Trail Running and Appropriate Footwear/Support
Trail running is an enjoyable sports activity that combines hiking and running, often on any unpaved natural surface. It is very similar to mountain running, except that it involves much less physical exertion than mountain running. Mountain running can also include more dangerous rocky sections and more extreme elevations. Because the trails in nature are often very rugged and unpredictable, it is easy to injure oneself when unprepared.
For this reason, one of the most important factors in preparing for trail running is choosing appropriate foot & ankle support. The shoe you choose should provide ample cushioning for your feet while you are running on the trail. As a rule of thumb, it isn't a matter of whether you'll need a support insole or not, but rather which kind you need.
Some of the best trail running shoes on the market today have a flat, wide arch that allows for a natural movement on the inside of the foot. Since there is less arch support in the shoe, it is recommended to add an arch supporting shoe insole for running. Trail runners enjoy the most stability and control on downhill terrain. This arch type is most recommended for off road running as well as cross country running in mountainous terrain. They do not work as well for steep uphill terrain. For a dialed-in arch support, it's important to begin by knowing if you need shoe inserts for low or flat arches, shoe inserts for neutral arches, or shoe inserts for high arches. That will be the best first step in choosing your insole.
Trail running shoes offer a great deal of support in the neutral to high incline positions. A stable midsole with a neutral camber provides excellent traction on any surface. Neutral cushioning keeps the foot pronated or neutral which helps the runner minimize the shock to sensitive joints. These shoes offer superior grip on snow, mud, steep grades and any other terrain found on a trail running adventure. Some of the best brands to look for in these shoes include Brooks, Reebok, Adidas, Nike, Montrail and Puma. To improve foot and ankle support in any shoe, adding an arch support insole with a built-in deep heel cup will cradle the entire foot through every stride.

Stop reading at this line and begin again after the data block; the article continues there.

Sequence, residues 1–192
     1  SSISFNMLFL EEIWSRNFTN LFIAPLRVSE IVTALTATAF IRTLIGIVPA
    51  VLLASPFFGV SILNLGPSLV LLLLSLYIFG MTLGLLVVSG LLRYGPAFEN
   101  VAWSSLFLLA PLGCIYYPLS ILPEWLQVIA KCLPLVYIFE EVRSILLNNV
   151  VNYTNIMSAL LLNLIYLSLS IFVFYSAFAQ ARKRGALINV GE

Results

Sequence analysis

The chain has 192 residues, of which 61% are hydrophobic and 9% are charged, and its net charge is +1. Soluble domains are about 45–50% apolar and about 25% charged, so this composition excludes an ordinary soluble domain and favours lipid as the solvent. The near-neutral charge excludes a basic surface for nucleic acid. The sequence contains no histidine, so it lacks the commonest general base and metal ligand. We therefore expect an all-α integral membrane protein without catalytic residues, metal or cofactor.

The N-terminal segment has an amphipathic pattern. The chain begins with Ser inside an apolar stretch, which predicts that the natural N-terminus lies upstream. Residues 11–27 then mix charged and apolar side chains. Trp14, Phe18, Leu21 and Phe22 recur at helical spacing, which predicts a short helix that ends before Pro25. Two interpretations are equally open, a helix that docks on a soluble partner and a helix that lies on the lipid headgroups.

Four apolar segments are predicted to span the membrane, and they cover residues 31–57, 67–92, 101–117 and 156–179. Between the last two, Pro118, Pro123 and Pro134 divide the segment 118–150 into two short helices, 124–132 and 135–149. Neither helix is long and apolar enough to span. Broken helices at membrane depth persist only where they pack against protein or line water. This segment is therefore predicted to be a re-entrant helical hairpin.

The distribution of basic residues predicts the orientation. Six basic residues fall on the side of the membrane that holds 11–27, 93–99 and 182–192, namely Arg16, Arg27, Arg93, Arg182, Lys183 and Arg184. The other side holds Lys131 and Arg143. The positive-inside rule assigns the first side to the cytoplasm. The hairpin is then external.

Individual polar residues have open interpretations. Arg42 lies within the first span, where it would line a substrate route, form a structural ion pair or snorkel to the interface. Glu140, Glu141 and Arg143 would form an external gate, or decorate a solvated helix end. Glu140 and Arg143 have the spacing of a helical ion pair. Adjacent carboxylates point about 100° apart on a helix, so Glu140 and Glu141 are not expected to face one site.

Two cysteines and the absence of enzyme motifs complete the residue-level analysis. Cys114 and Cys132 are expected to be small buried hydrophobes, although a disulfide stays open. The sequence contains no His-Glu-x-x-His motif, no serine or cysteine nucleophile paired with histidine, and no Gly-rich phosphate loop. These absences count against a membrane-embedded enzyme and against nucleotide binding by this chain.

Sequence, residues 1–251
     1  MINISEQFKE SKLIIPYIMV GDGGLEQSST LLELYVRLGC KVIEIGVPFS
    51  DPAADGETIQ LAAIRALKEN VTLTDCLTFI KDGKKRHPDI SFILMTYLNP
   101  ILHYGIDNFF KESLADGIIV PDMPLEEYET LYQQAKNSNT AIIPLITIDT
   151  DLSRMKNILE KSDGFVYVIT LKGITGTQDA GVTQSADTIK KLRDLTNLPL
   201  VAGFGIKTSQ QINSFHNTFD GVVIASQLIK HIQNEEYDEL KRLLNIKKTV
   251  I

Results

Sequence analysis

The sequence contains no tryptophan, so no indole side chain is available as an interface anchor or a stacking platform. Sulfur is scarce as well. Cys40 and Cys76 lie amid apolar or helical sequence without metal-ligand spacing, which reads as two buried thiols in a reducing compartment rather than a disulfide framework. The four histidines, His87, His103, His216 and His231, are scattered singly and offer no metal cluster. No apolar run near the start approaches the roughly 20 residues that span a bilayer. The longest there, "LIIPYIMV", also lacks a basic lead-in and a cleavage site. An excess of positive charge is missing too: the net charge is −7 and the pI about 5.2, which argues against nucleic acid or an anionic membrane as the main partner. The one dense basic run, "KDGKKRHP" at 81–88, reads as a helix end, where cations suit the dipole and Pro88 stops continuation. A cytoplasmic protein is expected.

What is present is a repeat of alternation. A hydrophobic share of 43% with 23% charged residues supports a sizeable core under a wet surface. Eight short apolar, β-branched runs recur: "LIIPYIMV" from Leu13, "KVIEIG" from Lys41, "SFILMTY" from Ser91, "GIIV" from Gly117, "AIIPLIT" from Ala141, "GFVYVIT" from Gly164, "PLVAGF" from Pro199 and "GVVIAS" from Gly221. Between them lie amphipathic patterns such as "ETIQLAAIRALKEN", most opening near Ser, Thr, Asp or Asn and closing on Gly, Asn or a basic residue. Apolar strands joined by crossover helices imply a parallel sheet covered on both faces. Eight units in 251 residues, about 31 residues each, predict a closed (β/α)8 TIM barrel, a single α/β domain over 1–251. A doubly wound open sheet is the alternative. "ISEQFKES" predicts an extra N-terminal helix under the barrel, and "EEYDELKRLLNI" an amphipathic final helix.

Some of the most advanced technologies in trail running shoes have to do with regulating the cadence and timing of your run. High-cadence shoes help runners minimize their rate of perceived effort as they negotiate difficult terrain. The slower you go, the less effort you expend. Conversely, if you increase your cadence, it becomes harder to see the path and adjust your speed. Neutral cushioning prevents this by making the shoe more comfortable and limiting the amount of pressure exerted by the heel. Having an arch supporting insole with full-length cushioning will improve your cadence control.
Mountain running involves navigating uneven and technical terrain. This is one type of terrain that cannot be predicted. Runners must plan their speed and pace for unknown terrain and the potential for improvised running paths and inclines. This is another reason trail running is not the same as road running. You need to be flexible in your plans and not rigid. Your feet need to be able to move and adapt to changing circumstances. Having a thoroughly well-supported foot and ankle with a dependable maximum support shoe insole will get you reliable footing for these very circumstances when the trail seems to change right in front of you.
If you love trail running, then you know the bliss of getting out there and pushing yourself to the limits, finding new trails and letting the trails find you. Being prepared (knowing your trail) and having the right gear (appropriate footwear with proper foot/arch/ankle support) is an invaluable part of preventing strain, soreness, or injuries. With the right stretching and nutrition beforehand, trail running (which can always default to hiking if you need it to!) continues to be one of America's most exhilarating ways to enjoy the great outdoors.